HOOVER: So what do you make of the trend away from testing requirements?

 MOSKOWITZ: I mean, I think people are a little confused. You know, there is a lack, a fundamental lack of diversity at colleges and universities, and that is very painful and I believe morally problematic. But the way to solve that is to have better K-to-12, not to keep lowering the standards and the bar. That’s not going to help anyone. We’ve got to fix what is a fairly broken educational system. And it’s not the fault of, you know, the teachers. It’s not– if anything, it’s the fault of the political system that doesn’t really make the changes necessary to get out of the educational quagmire that we’re in. 

HOOVER: It’s clear that the idea of school choice is very complicated for Democrats. Why is it so controversial?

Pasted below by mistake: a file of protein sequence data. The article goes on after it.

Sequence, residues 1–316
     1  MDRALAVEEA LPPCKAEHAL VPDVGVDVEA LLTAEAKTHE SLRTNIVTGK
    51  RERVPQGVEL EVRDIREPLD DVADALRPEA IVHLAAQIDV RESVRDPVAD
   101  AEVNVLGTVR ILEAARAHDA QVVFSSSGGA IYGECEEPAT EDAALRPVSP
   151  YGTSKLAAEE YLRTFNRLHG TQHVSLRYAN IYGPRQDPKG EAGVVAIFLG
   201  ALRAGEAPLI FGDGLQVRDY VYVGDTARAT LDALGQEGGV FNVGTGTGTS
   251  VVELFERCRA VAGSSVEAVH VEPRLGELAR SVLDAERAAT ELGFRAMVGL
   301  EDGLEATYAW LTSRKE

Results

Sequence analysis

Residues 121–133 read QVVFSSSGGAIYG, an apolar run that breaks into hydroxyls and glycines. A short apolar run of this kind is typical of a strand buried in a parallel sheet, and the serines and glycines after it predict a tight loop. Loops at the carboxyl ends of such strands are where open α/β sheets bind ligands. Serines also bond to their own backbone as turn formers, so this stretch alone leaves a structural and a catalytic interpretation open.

MOSKOWITZ: I mean on most days I’m totally perplexed because I’m an FDR liberal Democrat. I grew up in a liberal Democratic family.

 HOOVER: This Hoover is biting her tongue. [LAUGHTER]

 MOSKOWITZ: And, you know, historically, the Democratic Party was for the little guy, the underprivileged, the voiceless. But it has become captured by the special interests of the teachers union. It has chosen kind of institutional interests above the ordinary parent, black and brown parents who are trapped in failing schools and have no exit strategy.

 HOOVER: Success Academy teachers are not unionized. 

MOSKOWITZ: Correct. 

HOOVER: How do your students benefit from not having unionized teachers?

MOSKOWITZ: Well, the unions in urban school systems govern every aspect of the schooling. 

HOOVER: Give me an example.